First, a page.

THE forum to consider prospects for Indian higher education

Event to focus on teaching, research and internationalisation

January 19, 2021
Students go to campus through the park of Bannares Hindu University
Source: iStock
Students go to campus through the park of Bannares Hindu University

On 10-11 February, prominent academics and industry leaders will convene at the virtual Times Higher Education India Universities Forum, co-hosted with KIIT University (Kalinga Institute of Industrial Technology), to discuss how India can cement its position as the world’s largest higher education nation.

Despite exponential growth in the country’s sector, India’s student population faced a uniquely difficult set of circumstances in the wake of Covid-19. Many of those who weathered the pandemic restrictions from family homes saw their newly remote education suffer from a lack of access to the resources they utilised on campus. There were numerous reports of discrepancies in the quality of digital learning depending on a student’s location, with urban areas typically delivering a more stable internet connection than their rural counterparts. THE’s two-day forum will explore how Indian universities can enhance their standing by strengthening their core curricula, research excellence and options for international expansion, thus placing them on the world stage among the more desirable study-away sites and positioning them as attractive global partners.

Joyce Lau, THE’s Asia editor, said: “2020 proved that India has the ability to work its way out of a crisis despite having the public health challenges of a massive and developing nation. A few months ago, it was home to Asia’s worst Covid epidemic. By the beginning of 2021, it had flattened the curve to one-fifth of its peak infection rate, thanks in part to the wisdom of its academics and experts. The Serum Institute of India is now preparing hundreds of millions of vaccine shots, for its own people and others in the developing world.”

At the India Universities Forum, Ms Lau will lead a session alongside Simon Marginson, professor of higher education at the University of Oxford, investigating the promises and pitfalls presented by the launch of the new National Education Policy to transform Indian universities at a structural level.

“It seems like life will return to some semblance of normality soon, which will allow the country to embark on its ambitious National Education Policy, a blueprint to double the size of the higher education sector in 20 years. If India succeeds, it will greatly expand education access to millions, including young women, minorities and other marginalised people,” added Ms Lau.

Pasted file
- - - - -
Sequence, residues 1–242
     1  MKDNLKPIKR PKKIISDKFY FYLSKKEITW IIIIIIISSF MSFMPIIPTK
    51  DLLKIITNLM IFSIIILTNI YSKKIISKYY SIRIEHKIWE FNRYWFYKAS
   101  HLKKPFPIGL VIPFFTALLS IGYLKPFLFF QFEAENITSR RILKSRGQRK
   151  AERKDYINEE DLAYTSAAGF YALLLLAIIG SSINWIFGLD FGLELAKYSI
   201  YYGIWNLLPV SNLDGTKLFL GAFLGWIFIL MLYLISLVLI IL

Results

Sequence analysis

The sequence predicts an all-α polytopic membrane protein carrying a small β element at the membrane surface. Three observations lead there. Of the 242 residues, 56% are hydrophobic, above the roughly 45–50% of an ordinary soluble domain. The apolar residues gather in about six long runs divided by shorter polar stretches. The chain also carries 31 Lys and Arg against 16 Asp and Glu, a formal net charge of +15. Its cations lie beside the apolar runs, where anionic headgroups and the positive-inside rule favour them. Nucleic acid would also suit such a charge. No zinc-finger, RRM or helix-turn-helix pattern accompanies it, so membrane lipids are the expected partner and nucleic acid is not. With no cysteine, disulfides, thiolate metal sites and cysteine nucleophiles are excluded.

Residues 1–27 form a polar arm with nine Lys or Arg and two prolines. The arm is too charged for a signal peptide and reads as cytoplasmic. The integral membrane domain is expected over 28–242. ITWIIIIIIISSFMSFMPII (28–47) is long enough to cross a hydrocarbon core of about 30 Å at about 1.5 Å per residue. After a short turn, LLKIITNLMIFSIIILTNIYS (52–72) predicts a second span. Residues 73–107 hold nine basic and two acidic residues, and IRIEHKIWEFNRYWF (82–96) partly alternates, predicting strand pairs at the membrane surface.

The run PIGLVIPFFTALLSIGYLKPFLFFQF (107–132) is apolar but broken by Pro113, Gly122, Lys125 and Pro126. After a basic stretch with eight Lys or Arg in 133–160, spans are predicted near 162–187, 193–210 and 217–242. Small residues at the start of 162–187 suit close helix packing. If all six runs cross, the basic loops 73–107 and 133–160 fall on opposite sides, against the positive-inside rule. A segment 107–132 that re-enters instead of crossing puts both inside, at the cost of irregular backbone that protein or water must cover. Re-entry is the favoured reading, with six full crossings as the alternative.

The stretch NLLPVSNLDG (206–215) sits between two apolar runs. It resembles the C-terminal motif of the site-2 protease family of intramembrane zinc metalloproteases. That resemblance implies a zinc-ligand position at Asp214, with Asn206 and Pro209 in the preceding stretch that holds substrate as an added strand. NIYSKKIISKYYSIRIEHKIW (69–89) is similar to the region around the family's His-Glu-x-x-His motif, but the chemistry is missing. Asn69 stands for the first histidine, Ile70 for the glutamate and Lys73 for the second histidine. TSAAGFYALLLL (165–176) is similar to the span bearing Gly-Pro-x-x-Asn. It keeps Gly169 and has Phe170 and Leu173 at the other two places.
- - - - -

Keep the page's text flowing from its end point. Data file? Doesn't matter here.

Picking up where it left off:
Delving deeper into the humanitarian ambitions included in the forum’s agenda, Duncan Ross, THE’s chief data officer, will deliver an exclusive analysis of the THE Impact Rankings. These rankings remain the only global performance tables that assess universities against the United Nations’ Sustainable Development Goals (SDGs), and Mr Ross will align the session objectives with those set by the Indian government’s SDG India Index, which is oriented towards reaching global targets by 2030. The final discussion of the day will explore India’s growing presence in the Global Innovation Index, with Sandeep Sancheti, vice-chancellor of SRM Institute of Science and Technology, Mini Thomas, director of the National Institute of Technology, Tiruchirappalli, and Anders Karlsson, vice-president of global strategic networks at Elsevier, offering insights into the country’s innovation performance and its potential to establish a reputation of global excellence within Indian universities.

The forum’s second day will begin with a panel examining the disparities in digital learning acutely felt by students with limited resources. Sasmita Samanta, pro vice-chancellor of KIIT, and Trish McCluskey, interim pro vice-chancellor of teaching and learning at Victoria University, will provide strategies for ensuring digital advancement and quality education for all students, regardless of the remoteness of their set-up.

“The closure of university campuses in March prompted the government to quickly set up centralised online learning platforms. Even when schools reopen, this will be seen as an important first step in closing the country’s wide digital divide,” concluded Ms Lau.

The forum’s penultimate conversation will debate how Indian universities can capitalise on their existing assets to join the ranks of world-class institutions on a nationwide scale, with contributions from C. Raj Kumar, founding vice-chancellor of O.P. Jindal Global University, Pankaj Mittal, secretary general of the Association of Indian Universities, and Ramgopal Rao, director of the Indian Institute of Technology. Phil Baty, THE’s chief knowledge officer, will also present an exclusive preview of the THE World University Rankings 2021, focusing on the trends and movements apparent in India’s higher education development.

“Indian higher education faces the largest and most complex set of challenges of any system in the world, without exception,” said Professor Marginson. “Yet consider the prize to be won. Like all of south Asia, India has a leading role to play in the human story in future, and knowledge and learning in higher education could be the beating heart of that role.”

Find out more and register for the Times Higher Education India Universities Forum on 10-11 February.

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